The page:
Strategic Planning and Expanding Priorities

By: Meredith Kamradt
Guest Blogger
Reporting from: The 8th National LGBT Health Equity Summit (Kansas City, MO)

Attending my first LGBT Healthy Equity Summit today was incredibly inspirational, thought-provoking, and also tiring.  Who knew that sitting for 8+ hours could be so exhausting!?  My hands were sore from jotting down notes and clapping, and my cheeks felt stretched from smiling.

Of course it was all worth it!  I heard so many stories of successful advocacy efforts – especially those states and localities working to institutionalize LGBT data collection efforts.  I even met colleagues in Puerto Rico working entirely without funding, yet who have managed to make farther strides in data collection and tobacco abolition than many of us with far more funding and person-power.  Before taking part in all of these discussions, however, we had the opportunity to hear about the future of the Network from the Chair of the Steering Committee, William Furmanski.

He didn’t bore us, and I won’t bore you either, because I certainly know that strategic planning and logic models can put the best of us asleep.  Overall, William explained that the Network is looking to expand their goals outside of LGBT tobacco control to include general healthy active living.  This reflects a shift in the broader world of public health, and it is necessary to keep up with these changes, as well as to simply continue to serve our LGBT communities in all of the important health issues.

As more and more inclusive data collection practices build the evidence of more widespread health disparities, I feel that the strategic planning of the Network will certainly pay off.  It also excites me to think of the potential for collaboration between any number of health organizations, both LGBT-specific and not, who work on topics like access to fresh fruits and vegetables, healthy communities, and primary prevention of chronic disease.  With such growth in the future, I’ll have another important reason to continue to return to the Summit, and hopefully so will many others!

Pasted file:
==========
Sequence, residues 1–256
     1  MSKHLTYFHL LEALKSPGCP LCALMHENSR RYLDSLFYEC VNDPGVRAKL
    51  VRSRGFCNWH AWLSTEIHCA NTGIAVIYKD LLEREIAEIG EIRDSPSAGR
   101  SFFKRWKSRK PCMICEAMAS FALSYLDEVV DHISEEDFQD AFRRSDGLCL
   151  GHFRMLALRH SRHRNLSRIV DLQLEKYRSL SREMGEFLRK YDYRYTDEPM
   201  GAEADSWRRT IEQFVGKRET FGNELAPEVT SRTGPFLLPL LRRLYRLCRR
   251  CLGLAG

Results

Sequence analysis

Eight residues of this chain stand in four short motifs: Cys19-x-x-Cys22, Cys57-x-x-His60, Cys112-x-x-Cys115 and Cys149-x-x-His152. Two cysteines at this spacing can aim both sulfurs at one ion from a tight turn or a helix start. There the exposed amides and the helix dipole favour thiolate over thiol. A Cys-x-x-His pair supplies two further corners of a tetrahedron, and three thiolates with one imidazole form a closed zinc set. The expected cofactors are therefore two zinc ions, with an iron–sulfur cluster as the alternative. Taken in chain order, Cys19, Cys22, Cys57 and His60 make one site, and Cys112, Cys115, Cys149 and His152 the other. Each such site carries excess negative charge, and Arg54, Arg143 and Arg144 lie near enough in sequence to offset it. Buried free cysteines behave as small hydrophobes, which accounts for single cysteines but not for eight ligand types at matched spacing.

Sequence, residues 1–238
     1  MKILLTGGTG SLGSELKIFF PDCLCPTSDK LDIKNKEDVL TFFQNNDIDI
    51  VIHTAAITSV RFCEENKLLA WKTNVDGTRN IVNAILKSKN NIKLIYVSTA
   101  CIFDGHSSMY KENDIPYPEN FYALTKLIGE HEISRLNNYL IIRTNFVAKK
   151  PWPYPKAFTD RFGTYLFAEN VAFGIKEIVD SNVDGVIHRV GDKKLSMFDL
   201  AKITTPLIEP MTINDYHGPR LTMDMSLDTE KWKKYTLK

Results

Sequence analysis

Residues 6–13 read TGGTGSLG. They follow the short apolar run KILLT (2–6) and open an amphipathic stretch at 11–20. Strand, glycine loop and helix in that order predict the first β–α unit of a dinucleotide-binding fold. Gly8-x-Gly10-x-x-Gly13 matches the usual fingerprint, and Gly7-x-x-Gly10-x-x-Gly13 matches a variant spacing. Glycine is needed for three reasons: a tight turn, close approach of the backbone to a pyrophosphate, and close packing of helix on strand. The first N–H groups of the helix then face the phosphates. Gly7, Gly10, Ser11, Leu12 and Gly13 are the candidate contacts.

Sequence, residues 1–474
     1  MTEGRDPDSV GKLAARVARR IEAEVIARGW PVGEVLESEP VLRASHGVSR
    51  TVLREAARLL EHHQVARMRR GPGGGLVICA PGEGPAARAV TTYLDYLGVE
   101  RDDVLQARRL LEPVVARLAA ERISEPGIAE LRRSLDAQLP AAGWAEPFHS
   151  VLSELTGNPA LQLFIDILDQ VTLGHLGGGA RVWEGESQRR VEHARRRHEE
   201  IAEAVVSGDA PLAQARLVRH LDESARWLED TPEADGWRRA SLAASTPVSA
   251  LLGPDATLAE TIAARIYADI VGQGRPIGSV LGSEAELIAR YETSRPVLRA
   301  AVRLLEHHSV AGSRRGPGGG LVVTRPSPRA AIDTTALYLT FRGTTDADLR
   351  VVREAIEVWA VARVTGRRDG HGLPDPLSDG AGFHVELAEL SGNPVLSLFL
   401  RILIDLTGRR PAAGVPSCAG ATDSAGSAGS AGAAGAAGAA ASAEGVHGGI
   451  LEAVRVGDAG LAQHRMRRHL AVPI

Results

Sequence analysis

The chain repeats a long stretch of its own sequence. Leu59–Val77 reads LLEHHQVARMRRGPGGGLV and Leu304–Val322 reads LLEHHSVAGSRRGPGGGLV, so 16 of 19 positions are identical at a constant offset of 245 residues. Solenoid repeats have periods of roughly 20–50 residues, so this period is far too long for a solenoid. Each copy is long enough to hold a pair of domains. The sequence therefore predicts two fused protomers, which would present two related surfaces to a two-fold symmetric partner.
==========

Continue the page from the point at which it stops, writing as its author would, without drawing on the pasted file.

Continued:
Tomorrow I’ll be at the first day of the National Conference on Tobacco or Health, and I’ll continue to write about  my experiences at the LGBT Health Equity Summit, as well as sessions from the National Conference that are pertinent to this blog, for the next few days.  And of course, I cannot thank the Network for LGBT Health Equity enough for the scholarship that allowed me to attend today’s summit!


Kansas City August 2012 | 8th National LGBT Health Equity Summit | NCTOH

The excitement is brewing as we work through our last day in the office before we depart for Kansas City. We are prepared for a busy, productive, and fun week with the Summit and the National Conference on Tobacco or Health.

As you know the 8th National LGBT Health Equity Summit will be on Tuesday, August 14th at the Kansas City Marriott (Trianon C & D). We are still accepting on site registration just in case you missed the deadline. I want to take a moment to thank all of our sponsors for truly making this years summit come to life.

Also, make sure you attend Beyond Fabulous and event honoring the Network and to top it all off Pandora Boxx will be in the house.

Beyond Fabulous: The LGBT Anti-Tobacco Event Experience Tuesday, August 14, 2012: 7:00PM – 10:00 PM

Hamburger Mary’s 101 Southwest Boulevard Kansas City, MO 64108

You are invited to see firsthand how to fight the tobacco industry’s marketing strategies by using their own tactics against them. Experience what a bar promotion tailored for the LGBT population looks and feels like. Enjoy drag performances, beverages and innovative tobacco counter marketing. This event brings one of the MPOWER best practices to life, giving practitioners a firsthand look at how to reach at-risk LGBT adults. All are invited.